Defender PowerShell Hash Mismatches Fix Coming
Last month, I wrote a blog post here about co-called “corrupt file” messages originating in SFC /scannow. On Friday, August 16, Microsoft published a support note on this issue. It not only explains and acknowledges the problem, it also promises a fix. The good news is that fix will take the form of a new Antimalware Platform update. Specifically, it will carry version number 4.8.1908. The bad news is that the fix is not yet in. I couldn’t even find a download source for that promised next version. A quick check of my Win10 machines, including current-version 1903 PCs and various Insider Previews, shows most of them at version 4.8.1907. That’s why I entitled this post Defender PowerShell hash mismatches fix coming.
What Causes Defender PowerShell Hash Mismatches?
MS offers an explanation and scope for this issue in the Support note entitled “System File Checker (SFC) incorrectly flags Windows Defender PowerShell Module Files as corrupted.” It points specifically to the Windows 10 folder %windir%\System32\WindowsPowerShell\v1.0\Modules\Defender. In the original Windows image, such files use catalog signing. But Windows Defender’s newest manageability component uses an out-of-band (OOB) update channel.Original files give way to updated versions that use a trusted Microsoft certificate instead. Because this differs from the original signing mechanism, file hashes do not match. Thus, SFC flags them as potentially damaged or corrupted with the annotation “Hashes for file member do not match.”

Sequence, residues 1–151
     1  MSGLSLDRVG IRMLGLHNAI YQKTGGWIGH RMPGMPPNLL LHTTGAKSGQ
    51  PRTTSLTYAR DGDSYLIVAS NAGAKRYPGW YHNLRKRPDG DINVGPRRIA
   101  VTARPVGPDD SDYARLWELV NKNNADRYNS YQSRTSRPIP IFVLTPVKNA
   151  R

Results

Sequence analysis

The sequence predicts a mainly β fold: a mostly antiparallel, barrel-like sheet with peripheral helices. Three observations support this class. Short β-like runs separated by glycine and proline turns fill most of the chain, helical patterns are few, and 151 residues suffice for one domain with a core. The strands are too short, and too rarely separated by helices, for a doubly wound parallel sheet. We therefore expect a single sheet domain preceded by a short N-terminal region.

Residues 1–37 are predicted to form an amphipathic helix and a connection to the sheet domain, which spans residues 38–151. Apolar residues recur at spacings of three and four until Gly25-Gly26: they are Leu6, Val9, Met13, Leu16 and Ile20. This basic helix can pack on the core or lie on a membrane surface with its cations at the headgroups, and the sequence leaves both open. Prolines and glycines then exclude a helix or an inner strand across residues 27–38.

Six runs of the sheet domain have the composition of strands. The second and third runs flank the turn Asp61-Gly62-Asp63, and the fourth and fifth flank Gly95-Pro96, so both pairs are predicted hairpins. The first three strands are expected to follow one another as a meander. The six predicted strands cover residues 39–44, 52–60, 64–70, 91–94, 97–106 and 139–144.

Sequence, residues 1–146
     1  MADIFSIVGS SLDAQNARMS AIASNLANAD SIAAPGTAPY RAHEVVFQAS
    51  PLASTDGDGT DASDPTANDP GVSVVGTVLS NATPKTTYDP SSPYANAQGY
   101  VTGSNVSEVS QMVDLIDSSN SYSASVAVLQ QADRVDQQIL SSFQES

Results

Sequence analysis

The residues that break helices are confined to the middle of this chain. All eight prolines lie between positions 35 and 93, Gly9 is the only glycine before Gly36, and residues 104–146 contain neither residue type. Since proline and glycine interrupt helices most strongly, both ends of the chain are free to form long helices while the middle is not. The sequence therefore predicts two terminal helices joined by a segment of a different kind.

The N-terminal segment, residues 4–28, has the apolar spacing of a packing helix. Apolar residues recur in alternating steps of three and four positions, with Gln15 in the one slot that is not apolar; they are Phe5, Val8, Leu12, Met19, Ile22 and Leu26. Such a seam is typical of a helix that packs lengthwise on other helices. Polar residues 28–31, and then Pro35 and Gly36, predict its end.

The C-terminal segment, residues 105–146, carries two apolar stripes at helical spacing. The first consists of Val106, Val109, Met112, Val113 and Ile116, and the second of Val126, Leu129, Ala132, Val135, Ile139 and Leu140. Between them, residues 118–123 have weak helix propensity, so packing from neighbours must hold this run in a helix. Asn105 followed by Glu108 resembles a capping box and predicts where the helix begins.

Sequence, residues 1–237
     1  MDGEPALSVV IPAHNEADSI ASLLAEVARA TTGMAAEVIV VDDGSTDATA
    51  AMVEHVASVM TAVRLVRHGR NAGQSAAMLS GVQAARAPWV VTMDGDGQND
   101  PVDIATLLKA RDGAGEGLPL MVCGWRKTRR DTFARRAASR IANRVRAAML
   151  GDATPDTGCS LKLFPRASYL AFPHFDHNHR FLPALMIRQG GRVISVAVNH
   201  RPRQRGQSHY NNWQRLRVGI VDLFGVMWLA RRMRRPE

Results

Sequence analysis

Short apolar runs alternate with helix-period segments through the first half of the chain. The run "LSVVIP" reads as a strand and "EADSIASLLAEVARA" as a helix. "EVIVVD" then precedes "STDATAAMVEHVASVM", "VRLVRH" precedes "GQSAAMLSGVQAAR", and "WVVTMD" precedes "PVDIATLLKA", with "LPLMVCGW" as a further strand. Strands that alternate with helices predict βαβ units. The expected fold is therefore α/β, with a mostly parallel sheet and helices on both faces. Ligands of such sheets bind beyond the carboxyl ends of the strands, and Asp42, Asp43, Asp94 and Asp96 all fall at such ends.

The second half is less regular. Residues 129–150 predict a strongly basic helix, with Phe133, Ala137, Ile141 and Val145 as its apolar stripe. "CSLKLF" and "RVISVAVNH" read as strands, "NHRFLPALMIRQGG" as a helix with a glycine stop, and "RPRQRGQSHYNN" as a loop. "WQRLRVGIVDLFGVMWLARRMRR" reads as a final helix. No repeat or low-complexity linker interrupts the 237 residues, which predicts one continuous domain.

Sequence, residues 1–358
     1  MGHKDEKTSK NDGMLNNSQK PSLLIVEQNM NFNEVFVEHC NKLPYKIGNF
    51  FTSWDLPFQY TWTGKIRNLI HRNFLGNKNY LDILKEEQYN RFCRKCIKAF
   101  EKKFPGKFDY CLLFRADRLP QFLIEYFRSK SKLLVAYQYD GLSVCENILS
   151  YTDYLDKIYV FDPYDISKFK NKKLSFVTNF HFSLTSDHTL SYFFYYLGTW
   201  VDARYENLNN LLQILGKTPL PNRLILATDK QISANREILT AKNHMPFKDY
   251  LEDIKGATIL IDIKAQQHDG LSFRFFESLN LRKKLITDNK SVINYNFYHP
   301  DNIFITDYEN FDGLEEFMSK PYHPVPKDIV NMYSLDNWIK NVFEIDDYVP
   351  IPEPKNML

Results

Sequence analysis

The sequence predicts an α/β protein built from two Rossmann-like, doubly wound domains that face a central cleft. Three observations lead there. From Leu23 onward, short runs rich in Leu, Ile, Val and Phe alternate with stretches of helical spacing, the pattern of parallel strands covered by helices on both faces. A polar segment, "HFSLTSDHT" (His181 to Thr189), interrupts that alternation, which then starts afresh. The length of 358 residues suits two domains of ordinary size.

When Is the Defender PowerShell Hash Mismatches Fix Coming?
The Defender update code needs to change to avoid this new and different, but still valid, update mechanism for Windows Defender elements. The note says: “Once this change is implemented, SFC will no longer flag the files.”According to Microsoft, “[t]his issue is fixed in the version 4.8.1908 of Windows Defender. After this update is applied, PowerShell files that are part of the Windows image are not changed, and the SFC tool no longer flags these files.”
MS goes onto recommend the same mitigation/workaround that I described in my previous blog post on this topic. Running dism /online /cleanup-image /restorehealth will replace the new Defender-supplied PowerShell files with the originals from the installed Windows image. Then, SFC /scannow will be able to repair the files it scans on a first pass thereafter, and provide a clean bill of health on the second following pass.
When is 4.8.1908 coming?
We’re talking about the version associated with the antimalware engine for Windows Defender. You can tell what version is running by inspecting the contents of a specific Windows 10 folder:
%ProgramData%/Microsoft/Windows Defender/Platform. The names of its subfolders match the version number. As shown here, the highest numbered folder represents the current antimalware engine version for Windows Defender (see red arrow):
The higher numbered folder (41.18.1907…) represents the current running antimalware platform version
[Click image for full-sized view.]
Of course, as fate would have it, the current version is one level BELOW the promised version that will fix this problem. I checked my Insider Preview and other Win10 PCs (the preceding screen cap is from a Win10 Pro 1903 PC running Build 18362.295). All are running that version, except for Win10 Enterprise 1903 Build 18362.295: it’s running version 4.12.17007.18011-0, dated January 20, 2018. Who knows when MS will drop the new version that will fix the issue? We’ll all be finding out, I guess — hopefully sooner, rather than later!